Sometimes, an actor’s presence is powerful enough to unsettle viewers. The sunken eyes of Marcarena Gomez, who plays ‘Montse’ in Esteban Roel and Juanfer Andres’ Shrew’s Nest (aka Musaranas, 2014) create that impact. Montse, a victim and victimizer is frail and fierce at the same time. She is mixture of Stephen King’s overly pious cringeworthy women and the sadistic Anne Wilkes (Misery). She is the gravitational force of the narrative, which has certain forced as well as implausible elements.
Famous Spanish horror filmmaker Alex de la Iglesia (The Day of the Beast, The Perfect Crime) has endorsed Shrew’s Nest. Roel and Andres’ story incorporates some of Alex’s trademark narrative elements – claustrophobic atmosphere, outlandish horror, dysfunctional family dynamics. Although Shrew’s Nest (91 minutes) is a lot grimmer than Alex’s darkly comic tone.
The film opens from the perspective of a child, who recalls the atmosphere of dread looming over their home. The child confides that her sister would read horrific stories from a book (which happens to be Bible) while crying a lot. The prologue strongly hints at a dark family secret, few paces away from the child’s room. The secret, however, gradually rots the core of family dynamics. The narrative is majorly set in 1950s Spain (memories of civil war violence lingering). The child has now transformed to a beautiful 18-year-old girl, the image of fresh-faced innocence (Nadia de Santiago). Her sanctimonious sister Montse (Marcarena Gomez), once a fragile creature, has now turned to a stern matriarch.
The sisters’ father (Luis Tosar) is said to have disappeared 18 years ago, during the Spanish civil war while the mother died after giving birth to Montse’s sister. Montse suffers from agoraphobia. She can’t take a single step out of the apartment, before succumbing to an anxiety attack. She also often has hallucinations where the oppressive father stirs up her guilt and rage. Montse spends her days in the nest, earning money through excellent dressmaking skills. One of Montse’s frequent clients advises her to take treatment, since the younger sister may soon fly away from the nest. Montse is distressed and to her dismay, sees (spying from a window) her beautiful sister speaking to a young man.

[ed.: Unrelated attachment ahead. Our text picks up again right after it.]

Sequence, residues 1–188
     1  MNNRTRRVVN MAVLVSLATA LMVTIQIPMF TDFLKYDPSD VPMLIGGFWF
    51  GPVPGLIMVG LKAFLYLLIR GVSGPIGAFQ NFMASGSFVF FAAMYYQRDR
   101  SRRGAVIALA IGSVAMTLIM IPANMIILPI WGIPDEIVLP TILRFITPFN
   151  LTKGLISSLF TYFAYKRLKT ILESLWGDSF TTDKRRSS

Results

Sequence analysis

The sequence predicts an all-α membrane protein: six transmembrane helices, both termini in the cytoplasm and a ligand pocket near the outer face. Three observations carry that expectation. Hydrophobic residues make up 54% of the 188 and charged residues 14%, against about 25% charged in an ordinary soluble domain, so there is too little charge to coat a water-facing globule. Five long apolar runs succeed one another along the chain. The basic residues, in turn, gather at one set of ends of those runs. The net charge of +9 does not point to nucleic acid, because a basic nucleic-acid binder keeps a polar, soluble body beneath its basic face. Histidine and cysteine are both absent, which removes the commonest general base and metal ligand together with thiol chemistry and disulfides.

Montse later punishes the younger sister (name isn’t revealed to the viewers) who hits back at Montse with an iron box and runs outside the home. The thread of violence connecting the sisters seems to be stronger than the superficial expressions of love. A handsome young stranger named Carlos (Hugo Silva) temporarily relieves Montse’s worries about a lonely future. Carlos, who lives in the upstairs apartment, lands unconsciously on Montse’s apartment after falling from the stairs. From then on, the frail seamstress’ craziness and penchant for violence goes overboard.
For those who have seen Whatever Happened to Baby Jane? (1962), The Beguiled (1971) and Misery (1990), the narrative trajectory will seem fairly predictable. In fact, the makers doesn’t try to circumvent genre conventions. They use religious repression and chauvinism themes to augment tension than for a deep examination. Some suspension of disbelief is essential to get through the film’s second half. The younger sister’s behavior, at times, seems more appalling than Montse’s craziness. Technically, Shrew’s Nest simmers with Gothic atmosphere and pungent mood. The conflict between the sisters is well established before jumping on to bloodletting and gruesome amputations. The carnage may immensely satisfy gore fans.
Smooth camerawork easily makes us forget that the whole film takes place in a single location. The mechanics of the film do compensate for some of the narrative implausibilities. Yet, Gomez’s performance as Montse is the film’s chief attraction. Gomez, best known for her comedy roles, captures Montse’s hysteria with vigor. Gomez’s self-aware elegy and vulnerability in the initial scenes feels genuine enough to entrap viewers in Montse’s world of brutality and agony.
A wickedly entertaining horror/thriller, Shrew’s Nest skillfully blends horror and gore-filled violence elements.
By Arun Kumar
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